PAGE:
Hepatitis C infection on immune recovery in HIV-positive patients on successful HAART: the role of genotype 3

Elena Seminari, Carmine Tinelli, Giovanni Ravasi, Diego Ripamonti, Nicoletta Ladisa, Nicoletta Marino, Laura Sighinolfi, Placido Mondello, Marco Migliorino, Giampiero Carosi, Renato Maserati
Current HIV Research 2010, 8 (3): 186-93

OBJECTIVE: The primary objective of this study was to investigate the impact of HCV infection and of HCV genotypes on immune restoration in HIV-infected patients on a successful HAART regimen.

METHODS: Patients from the MASTER Study were included in this current longitudinal study if they met the following criteria: being on any successful HAART, availability of CD4+ cell count and HIV RNA level before starting the suppressive HAART and 12 months after suppressive therapy, availability of HCV antibodies. The primary endpoints of the study were defined as achieving a difference above 100 cell/mmc between CD4+ at baseline and at time of HIV RNA suppression while on therapy (DeltaCD4+early), or 12 month after a suppressive therapy (DeltaCD4+late).

RESULTS: 844 HIV-positive patients were included in the analysis: 673 were HCV-negative and 171 were HCV-positive [92 (53.8%) subjects had HCV genotype 1; 58 (33.9%), genotype 3; 21 (12.3%), genotype 4]. Plasma HIV RNA (both baseline as highest value), nadir CD4+, being naïve, time to reach undetectable plasma HIV RNA, treatment with PI vs NNRTI were associated with an early immunological recovery; the occurrence of previous AIDS event, a history of injection drug use, and HCV infection were associated with failure to achieve an early immunological recovery. Variables associated with DeltaCD4+late immune recovery were baseline CD4+ value, plasma HIV RNA (both baseline as highest value), being naïve and time to reach undetectable plasma HIV RNA. HCV infection per se was not associated with a worse probability to reach late immunologic response, although among HCV infected patients, having a genotype 3 was associated with a worse immune recovery. At multivariable analysis, factors that remained associated with failure to achieve an early immunological response were being HCV infected and history of injection drug use, while those associated with a failure to achieve a late immunological response were being infected with HCV genotype 3 and older age.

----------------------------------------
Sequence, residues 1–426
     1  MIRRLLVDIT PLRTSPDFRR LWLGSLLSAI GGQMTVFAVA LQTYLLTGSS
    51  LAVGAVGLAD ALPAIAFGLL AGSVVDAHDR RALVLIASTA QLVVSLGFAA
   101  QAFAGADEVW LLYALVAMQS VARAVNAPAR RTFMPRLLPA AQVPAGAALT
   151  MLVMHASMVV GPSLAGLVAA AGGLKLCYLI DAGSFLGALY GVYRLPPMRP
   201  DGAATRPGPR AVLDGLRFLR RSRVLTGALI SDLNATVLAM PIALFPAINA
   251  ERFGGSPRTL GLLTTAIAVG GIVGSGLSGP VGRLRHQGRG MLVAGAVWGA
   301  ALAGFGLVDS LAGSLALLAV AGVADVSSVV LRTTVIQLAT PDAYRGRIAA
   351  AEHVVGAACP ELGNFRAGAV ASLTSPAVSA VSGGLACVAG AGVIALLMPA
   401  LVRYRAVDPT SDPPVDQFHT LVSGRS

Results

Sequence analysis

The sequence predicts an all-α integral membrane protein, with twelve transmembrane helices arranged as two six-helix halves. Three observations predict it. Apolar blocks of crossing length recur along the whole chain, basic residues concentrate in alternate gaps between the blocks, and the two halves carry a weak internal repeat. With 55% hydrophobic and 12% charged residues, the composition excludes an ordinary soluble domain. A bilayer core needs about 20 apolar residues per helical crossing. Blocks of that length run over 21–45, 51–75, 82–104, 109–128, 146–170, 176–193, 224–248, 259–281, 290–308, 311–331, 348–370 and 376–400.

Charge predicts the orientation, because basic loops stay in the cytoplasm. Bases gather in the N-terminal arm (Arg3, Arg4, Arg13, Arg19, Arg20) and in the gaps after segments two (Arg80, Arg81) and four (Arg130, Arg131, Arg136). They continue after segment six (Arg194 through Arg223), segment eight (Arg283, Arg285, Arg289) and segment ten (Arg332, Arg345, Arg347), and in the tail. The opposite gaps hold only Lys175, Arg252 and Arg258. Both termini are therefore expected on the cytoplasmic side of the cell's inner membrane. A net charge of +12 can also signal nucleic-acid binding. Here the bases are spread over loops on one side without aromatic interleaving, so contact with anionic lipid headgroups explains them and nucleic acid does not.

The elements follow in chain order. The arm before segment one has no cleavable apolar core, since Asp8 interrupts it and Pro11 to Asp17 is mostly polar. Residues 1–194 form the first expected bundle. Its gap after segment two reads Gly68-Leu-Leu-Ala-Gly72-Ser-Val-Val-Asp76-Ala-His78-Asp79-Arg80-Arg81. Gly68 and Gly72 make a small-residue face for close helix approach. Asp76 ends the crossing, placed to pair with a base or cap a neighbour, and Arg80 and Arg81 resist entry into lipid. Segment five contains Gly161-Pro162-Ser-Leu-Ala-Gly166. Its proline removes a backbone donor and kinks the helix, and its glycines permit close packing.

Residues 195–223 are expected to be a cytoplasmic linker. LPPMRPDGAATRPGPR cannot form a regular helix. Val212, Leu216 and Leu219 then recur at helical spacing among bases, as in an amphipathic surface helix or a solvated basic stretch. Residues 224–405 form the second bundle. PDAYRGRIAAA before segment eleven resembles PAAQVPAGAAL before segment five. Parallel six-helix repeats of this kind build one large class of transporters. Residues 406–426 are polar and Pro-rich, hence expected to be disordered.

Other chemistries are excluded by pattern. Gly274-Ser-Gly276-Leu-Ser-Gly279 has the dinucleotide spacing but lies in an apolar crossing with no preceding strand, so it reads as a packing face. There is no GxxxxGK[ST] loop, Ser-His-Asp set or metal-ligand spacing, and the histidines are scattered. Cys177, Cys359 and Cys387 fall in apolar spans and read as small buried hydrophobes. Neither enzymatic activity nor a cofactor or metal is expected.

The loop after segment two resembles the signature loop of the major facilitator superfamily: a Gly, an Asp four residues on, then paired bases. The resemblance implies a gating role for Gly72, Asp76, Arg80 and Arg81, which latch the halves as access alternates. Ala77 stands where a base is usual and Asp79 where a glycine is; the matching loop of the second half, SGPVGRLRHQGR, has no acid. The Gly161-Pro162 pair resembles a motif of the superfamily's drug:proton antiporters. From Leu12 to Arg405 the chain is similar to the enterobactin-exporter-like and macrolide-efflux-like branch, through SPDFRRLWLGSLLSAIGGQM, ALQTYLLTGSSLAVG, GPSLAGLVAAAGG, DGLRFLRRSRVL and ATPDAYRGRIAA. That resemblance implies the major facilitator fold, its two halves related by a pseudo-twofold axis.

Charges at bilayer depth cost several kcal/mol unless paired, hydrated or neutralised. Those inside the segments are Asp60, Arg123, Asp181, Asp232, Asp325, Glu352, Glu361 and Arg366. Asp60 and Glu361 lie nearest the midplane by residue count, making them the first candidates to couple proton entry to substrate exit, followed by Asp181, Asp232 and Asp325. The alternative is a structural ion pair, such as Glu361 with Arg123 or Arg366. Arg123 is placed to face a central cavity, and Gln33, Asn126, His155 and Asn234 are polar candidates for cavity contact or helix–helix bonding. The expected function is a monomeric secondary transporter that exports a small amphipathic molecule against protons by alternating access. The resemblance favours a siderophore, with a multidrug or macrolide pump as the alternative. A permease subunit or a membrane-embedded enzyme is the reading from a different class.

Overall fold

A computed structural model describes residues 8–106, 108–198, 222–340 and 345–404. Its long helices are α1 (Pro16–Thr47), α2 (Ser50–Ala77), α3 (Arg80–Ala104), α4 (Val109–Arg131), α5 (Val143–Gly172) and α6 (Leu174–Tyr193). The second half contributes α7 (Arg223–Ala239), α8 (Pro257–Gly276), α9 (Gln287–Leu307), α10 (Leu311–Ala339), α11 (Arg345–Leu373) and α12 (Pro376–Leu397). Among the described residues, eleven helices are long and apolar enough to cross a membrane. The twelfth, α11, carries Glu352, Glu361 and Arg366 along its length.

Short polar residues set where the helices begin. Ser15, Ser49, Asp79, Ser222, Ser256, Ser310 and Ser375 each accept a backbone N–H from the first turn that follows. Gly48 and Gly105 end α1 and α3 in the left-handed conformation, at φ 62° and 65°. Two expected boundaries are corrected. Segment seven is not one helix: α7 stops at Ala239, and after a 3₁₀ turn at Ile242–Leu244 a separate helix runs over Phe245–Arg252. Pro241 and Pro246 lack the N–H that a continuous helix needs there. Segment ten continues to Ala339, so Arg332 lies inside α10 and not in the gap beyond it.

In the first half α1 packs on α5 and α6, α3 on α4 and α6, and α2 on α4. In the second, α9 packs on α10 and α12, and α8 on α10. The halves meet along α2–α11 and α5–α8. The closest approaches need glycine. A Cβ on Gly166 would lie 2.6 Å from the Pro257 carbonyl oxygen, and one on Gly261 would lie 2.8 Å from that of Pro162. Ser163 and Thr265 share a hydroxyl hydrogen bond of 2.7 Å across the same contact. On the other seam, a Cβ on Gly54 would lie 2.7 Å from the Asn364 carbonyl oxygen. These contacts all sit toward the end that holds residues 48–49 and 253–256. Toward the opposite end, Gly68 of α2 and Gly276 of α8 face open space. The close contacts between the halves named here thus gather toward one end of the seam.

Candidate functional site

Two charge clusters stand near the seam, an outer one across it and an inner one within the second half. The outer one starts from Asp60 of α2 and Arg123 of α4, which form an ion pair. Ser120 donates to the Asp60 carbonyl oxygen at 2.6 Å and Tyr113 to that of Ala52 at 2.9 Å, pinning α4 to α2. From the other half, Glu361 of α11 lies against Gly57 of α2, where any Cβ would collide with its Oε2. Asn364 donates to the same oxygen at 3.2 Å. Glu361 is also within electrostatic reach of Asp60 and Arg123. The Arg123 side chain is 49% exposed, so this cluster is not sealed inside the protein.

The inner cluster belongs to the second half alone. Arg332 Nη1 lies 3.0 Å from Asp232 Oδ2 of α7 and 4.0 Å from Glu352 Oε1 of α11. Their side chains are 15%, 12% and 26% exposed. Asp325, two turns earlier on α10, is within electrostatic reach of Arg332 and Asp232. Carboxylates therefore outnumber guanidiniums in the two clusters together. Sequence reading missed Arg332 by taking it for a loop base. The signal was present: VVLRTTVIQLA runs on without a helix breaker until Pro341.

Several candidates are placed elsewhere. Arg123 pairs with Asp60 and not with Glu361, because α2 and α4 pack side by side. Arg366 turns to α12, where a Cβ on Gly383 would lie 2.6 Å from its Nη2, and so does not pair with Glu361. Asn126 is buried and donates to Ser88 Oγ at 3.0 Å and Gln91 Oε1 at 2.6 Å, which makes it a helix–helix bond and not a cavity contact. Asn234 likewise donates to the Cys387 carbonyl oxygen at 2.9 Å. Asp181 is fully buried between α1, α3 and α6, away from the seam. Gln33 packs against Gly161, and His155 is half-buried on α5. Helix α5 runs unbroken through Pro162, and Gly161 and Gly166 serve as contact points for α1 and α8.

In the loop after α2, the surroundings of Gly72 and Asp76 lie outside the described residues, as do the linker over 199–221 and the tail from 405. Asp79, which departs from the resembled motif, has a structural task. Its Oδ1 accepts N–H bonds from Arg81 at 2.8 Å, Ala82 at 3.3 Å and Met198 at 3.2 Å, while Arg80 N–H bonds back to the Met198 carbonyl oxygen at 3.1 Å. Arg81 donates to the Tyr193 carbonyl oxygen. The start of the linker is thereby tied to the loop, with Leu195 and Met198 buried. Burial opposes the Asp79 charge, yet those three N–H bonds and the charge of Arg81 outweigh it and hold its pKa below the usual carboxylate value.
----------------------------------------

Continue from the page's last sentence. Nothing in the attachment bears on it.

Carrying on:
CONCLUSIONS: A blunted early immune recovery was observed in HCV infected patients, compared with HCV negative subjects, while late immune recovery was not different among HCV infected as a whole and not infected subjects; only the subgroup of subjects infected with genotype 3 showed an impaired late immune recovery.

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